The installation requirements and the inability to take some systems with you if you move are other negatives.
All that aside, Level 2 chargers are still the preferred option for most electric vehicle owners.
DC Fast Charging
The fastest charging solution for electric vehicles is DC Fast Charging Stations or Tesla Superchargers. These charging options are commonly referred to as Level 3 charging, but that’s not technically an accurate description.
Level 3 chargers use direct currents (DC) instead of the alternating currents (AC) systems that Level 1 and Level 2 chargers rely on.
DC Fast Charging stations aren’t as fast as pumping gas, but they’re much faster than Level 2 systems. Level 2 charging systems aren’t practical for topping your vehicle off or quick trips. DC Fast Charging stations can generally charge an EV battery to around 80% in under an hour.
DC Fast Charging stations are excellent for road trips or long commutes. Many EV models have built-in navigation systems to help you locate fast-charging stations across your route. Alternatively, you can use a multitude of apps to achieve the same result.
Using fast-charging stations to charge your EV from around 10% to 80% is typically recommended. Depending on the circumstances, this method should provide you with the fastest charging speed. It’s not advised to completely discharge your EV battery or charge it to 100% using a DC Fast Charging station.
The downside to DC Fast Charging is that it can be hard on EV batteries, causing unnecessary wear and tear. DC Fast Charging stations are also more expensive than charging at home or using a Level 2 option.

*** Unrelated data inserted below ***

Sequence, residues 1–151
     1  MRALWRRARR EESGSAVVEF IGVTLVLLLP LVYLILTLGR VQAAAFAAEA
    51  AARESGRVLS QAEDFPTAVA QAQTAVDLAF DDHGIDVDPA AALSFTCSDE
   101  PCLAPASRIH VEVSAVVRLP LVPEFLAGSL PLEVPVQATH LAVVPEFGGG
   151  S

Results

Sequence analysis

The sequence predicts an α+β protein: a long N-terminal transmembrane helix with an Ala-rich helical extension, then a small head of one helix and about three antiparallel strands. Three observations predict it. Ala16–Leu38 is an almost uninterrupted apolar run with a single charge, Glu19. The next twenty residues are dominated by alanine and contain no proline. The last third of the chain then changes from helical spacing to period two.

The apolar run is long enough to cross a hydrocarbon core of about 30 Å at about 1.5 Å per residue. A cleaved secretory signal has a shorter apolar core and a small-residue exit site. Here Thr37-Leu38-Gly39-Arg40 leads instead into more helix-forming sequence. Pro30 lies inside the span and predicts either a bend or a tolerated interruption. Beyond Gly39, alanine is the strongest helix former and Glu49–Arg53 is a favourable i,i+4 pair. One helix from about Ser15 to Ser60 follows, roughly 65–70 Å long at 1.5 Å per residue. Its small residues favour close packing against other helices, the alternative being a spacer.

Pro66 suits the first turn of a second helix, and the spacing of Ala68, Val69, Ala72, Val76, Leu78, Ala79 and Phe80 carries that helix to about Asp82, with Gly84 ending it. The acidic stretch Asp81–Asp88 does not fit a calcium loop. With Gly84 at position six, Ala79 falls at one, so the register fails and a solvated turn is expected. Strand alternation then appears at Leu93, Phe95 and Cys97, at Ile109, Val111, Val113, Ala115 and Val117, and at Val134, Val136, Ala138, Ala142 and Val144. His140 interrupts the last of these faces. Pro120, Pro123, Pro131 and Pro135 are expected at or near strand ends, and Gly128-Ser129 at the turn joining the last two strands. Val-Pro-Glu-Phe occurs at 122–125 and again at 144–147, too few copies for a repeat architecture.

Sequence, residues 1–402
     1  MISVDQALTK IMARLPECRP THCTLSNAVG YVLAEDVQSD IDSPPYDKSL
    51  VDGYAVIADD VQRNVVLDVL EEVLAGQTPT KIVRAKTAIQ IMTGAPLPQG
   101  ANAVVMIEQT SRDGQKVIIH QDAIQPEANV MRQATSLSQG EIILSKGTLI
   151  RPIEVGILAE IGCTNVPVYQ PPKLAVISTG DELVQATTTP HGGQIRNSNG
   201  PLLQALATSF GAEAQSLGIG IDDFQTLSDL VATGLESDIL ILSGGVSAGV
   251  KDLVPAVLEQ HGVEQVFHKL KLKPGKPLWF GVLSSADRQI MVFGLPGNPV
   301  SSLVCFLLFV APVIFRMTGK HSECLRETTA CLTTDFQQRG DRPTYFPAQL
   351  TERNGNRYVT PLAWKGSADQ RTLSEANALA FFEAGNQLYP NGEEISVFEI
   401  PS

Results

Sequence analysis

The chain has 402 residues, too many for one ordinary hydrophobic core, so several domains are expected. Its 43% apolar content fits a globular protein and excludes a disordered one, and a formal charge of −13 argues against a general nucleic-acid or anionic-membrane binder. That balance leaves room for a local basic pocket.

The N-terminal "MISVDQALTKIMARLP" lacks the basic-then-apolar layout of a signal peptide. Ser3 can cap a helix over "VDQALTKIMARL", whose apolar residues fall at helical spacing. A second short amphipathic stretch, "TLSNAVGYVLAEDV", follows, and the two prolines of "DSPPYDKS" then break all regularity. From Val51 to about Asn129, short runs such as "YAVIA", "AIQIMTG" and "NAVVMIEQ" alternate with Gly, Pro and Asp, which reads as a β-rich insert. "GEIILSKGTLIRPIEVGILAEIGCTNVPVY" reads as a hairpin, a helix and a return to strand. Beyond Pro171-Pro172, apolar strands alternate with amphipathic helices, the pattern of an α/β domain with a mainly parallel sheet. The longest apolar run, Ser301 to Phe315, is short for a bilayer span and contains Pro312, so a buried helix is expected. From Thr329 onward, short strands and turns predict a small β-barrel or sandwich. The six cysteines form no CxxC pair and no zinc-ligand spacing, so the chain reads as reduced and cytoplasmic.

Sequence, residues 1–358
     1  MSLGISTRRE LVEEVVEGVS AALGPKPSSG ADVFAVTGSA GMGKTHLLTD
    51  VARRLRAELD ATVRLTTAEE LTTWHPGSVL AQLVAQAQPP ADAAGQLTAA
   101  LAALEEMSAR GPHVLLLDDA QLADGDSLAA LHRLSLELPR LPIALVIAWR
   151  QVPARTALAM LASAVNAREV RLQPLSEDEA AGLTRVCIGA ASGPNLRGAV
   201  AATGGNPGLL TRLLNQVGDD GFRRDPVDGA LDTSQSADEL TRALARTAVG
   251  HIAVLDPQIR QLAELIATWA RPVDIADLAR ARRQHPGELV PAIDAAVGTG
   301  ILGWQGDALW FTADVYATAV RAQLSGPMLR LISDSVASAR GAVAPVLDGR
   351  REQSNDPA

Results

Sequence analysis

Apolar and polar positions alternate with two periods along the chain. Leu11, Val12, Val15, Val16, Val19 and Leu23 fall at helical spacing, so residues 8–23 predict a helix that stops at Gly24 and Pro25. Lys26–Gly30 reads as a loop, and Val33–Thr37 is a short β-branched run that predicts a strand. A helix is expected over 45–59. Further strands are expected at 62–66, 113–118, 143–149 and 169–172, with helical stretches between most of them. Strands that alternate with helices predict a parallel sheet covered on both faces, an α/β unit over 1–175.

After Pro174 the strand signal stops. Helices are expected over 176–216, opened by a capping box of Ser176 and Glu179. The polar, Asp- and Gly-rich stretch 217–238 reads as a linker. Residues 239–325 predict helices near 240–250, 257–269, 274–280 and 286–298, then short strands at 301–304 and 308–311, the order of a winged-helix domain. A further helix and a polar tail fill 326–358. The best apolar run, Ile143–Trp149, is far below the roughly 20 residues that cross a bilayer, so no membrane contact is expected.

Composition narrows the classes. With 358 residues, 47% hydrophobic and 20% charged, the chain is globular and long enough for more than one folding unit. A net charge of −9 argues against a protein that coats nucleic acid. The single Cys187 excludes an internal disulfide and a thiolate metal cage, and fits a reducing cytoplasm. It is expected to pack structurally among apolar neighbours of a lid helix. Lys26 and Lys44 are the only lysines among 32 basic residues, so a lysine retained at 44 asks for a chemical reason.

Other Factors That Affect Electric Car Charge Time
There are other factors that impact EV charge time besides the charging source. Let’s take a deeper dive into some of the elements that affect EV charge time.
- Size of battery: As you might expect, the larger the lithium-ion battery, the longer it takes to charge. EV battery capacities are measured in kWh.
- State of the battery (empty vs. full): Charging an electric vehicle from empty will take longer than if you’re topping it off from 50 or 80 percent.
- Max charging rate of vehicle: Electric vehicle batteries can only be charged at their maximum rate. For instance, if an EV has a maximum charge rate of 7kW, you can’t charge it any faster by using a 22kW charge source.
- Max charging rate of ChargePoint: The maximum charging rate of the ChargePoint also affects the speed. For instance, a vehicle with a maximum charge rate of 11kW will only charge at 7kW on a 7kW charge source.
- Environmental factors: Colder ambient temperatures will make your EV take slightly longer to charge, especially when you’re using a rapid charger. Colder temperatures also cause EVs to become less efficient, so fewer miles are accrued when charging.
The time it takes to charge an electric vehicle depends on several factors, including the charging source, model, battery capacity, and environmental factors. However, the most common charging method is Level 2 chargers, which can fully charge an EV overnight or in under 12 hours in some cases.
Level 1 chargers are not seen as a viable option as they can take well over 24 hours to completely charge an electric vehicle.
DC Fast Chargers or Level 3 charging is the fastest option available, charging EVs to 80% in around 30 to 45 minutes.